Even more confused is the condition of that child who is told that he likely is a Christian, but that that means, basically, only that he is a forgiven sinner who must try as hard as he can to lead a Christian life (out of gratitude for being saved, and to show that he is a Christian). One can easily see that a “Christian” education based on those principles is not going to be a deal different from the kind given the child in the preceding post, nor even that in a “good” public school, especially if the teacher happens to be a Christian and/or the Bible is read and prayers are offered.
Such kids grow up in literally hopeless bewilderment as to just how “good” you have to be to make personal confession of faith, or how much to know of a “before and after” as to sin and misery. They have been told, wrongly, that they have two natures in a life-long struggle, and how can they decide which one has the ascendancy or a good prospect of winning out? They are more to be pitied than mature Paul and his “wretched man” experience before he knew who he was in Christ Jesus.
So we come back once more, now in the case of our beloved children, to the fact that we all are saved by a Savior in such a way that we are brand-new creatures; that many of us (maybe most children born into devout Christian homes) were born “the second time” before we came into this world physically; that our old nature died and was buried while we were in our mother’s womb; that Christ lives in us and we in him in such intimacy that we can speak of ourselves as being “married”, one flesh; that we do not have to work out our own salvation in fear and trembling by ourselves, even with God’s help, because it is God himself who is at work both to will and to do. Recognition of this is what gives a (young) person a sense of identity, of real importance, of dignity, plus a true explanation as to remaining “failure” in his life and the healthful humility of knowing that any importance and virtue in him are not autonomous but thanks to the fact of being a new person in Christ. This is what constitutes a “coming of age”. (Increasing awareness and experience of the infinite implications of this divine estate are life-long, and continue throughout eternity. That is what makes heaven heavenly.) This recognition is what constitutes making “confession of faith” or becoming a full (adult) member of a church; this kind of recognition makes the sacrament of baptism truly significant and gives it real fullness of meaning.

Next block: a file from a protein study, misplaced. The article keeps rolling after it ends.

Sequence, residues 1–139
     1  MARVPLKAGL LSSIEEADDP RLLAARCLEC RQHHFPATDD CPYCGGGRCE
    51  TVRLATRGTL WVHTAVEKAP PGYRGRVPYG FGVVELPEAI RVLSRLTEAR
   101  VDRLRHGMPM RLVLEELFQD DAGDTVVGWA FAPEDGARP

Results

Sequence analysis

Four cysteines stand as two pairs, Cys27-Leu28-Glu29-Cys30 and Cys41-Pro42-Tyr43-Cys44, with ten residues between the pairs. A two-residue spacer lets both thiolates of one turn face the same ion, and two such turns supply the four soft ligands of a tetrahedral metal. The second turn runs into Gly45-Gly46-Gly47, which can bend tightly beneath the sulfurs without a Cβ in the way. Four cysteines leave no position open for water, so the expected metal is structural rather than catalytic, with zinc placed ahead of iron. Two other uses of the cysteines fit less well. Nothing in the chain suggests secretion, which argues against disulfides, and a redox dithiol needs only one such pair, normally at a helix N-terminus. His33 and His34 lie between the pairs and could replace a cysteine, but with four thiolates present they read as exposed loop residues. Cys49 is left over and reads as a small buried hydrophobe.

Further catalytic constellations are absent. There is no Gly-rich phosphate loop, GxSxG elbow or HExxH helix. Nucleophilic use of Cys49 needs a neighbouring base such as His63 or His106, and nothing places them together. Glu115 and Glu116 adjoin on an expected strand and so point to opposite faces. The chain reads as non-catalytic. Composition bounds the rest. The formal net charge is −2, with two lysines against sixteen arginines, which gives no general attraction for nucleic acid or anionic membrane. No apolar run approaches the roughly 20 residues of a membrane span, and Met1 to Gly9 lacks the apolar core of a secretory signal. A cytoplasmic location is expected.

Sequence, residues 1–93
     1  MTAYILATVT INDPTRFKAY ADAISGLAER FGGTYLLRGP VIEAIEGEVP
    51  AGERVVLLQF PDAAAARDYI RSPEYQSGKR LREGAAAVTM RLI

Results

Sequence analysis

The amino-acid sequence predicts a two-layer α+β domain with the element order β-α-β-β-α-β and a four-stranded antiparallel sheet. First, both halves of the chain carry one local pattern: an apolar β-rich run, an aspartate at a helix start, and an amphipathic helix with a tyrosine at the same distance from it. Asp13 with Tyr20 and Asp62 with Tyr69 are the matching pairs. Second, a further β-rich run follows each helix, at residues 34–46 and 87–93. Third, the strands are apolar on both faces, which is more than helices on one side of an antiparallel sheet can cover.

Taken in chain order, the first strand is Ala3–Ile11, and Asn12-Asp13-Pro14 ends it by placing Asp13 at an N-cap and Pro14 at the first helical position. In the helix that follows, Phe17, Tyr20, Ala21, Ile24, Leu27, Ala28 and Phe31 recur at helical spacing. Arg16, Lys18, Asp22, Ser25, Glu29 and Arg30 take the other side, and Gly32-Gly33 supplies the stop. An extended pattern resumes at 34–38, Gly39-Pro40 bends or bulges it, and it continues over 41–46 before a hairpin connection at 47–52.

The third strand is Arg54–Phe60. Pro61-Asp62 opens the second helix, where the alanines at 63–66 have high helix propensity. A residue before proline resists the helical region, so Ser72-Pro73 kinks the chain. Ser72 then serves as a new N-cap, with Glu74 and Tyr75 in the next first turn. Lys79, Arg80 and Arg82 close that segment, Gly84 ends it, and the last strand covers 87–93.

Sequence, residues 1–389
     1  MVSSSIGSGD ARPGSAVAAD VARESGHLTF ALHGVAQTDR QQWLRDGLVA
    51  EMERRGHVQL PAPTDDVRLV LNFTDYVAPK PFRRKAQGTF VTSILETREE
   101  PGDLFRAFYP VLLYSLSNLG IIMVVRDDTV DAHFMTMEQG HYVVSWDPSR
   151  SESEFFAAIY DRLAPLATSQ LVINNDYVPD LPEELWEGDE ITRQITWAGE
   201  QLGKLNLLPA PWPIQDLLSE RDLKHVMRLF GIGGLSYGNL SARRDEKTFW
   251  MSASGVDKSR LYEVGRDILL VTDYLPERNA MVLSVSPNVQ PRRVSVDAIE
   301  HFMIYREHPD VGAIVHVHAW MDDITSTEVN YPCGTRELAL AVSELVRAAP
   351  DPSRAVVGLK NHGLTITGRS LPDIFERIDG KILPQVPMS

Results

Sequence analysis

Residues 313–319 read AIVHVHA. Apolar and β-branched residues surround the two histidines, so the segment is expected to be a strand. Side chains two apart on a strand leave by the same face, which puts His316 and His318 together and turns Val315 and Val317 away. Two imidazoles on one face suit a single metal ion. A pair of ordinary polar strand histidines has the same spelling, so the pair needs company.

Children should be taught not to go to God with the endless requests, be they ever so pious sounding, “Give me faith, give me patience, give me wisdom, give me joy,” but rather, “Heavenly Father, be my faith, my patience, my love, etc.”
This parent and pastor is persuaded that such children may and ought to take part with us in the family meal that we call the Lord’s Supper. We have many misconceptions as to that “type” and its purpose, but “worthiness” has nothing to do with age. A long list of arguments might be adduced in favor of child participation in Communion; in fact, huge parts of the Christian Church do practice this, just as children took part in the Passover long ago. As a “covenant” sign, it is far more appropriate than the practice of infant baptism, because the latter is a once-for-all ceremony that can hardly be repudiated and actually calls for much more initiative and action than the Lord’s Supper, which, being repeated, can be withheld from the unqualified, and reflects better the wonderful passivity with which we are saved by God’s initiation of new life and provision for its growth. Moreover, baptism is individual, while the Lord’s Supper is communal (as its very name indicates). It is grossly non-communal if a large sector of the family of God which is indicated as belonging by the fact of having been baptized, are arbitrarily told that we believe (or hope) they have saving faith or are parties to the benefits of belonging to God’s household, but do not want to make provision for that faith or include spiritual food (a means of grace) amongst those benefits. The more one thinks about it, the more arbitrary and groundless it appears.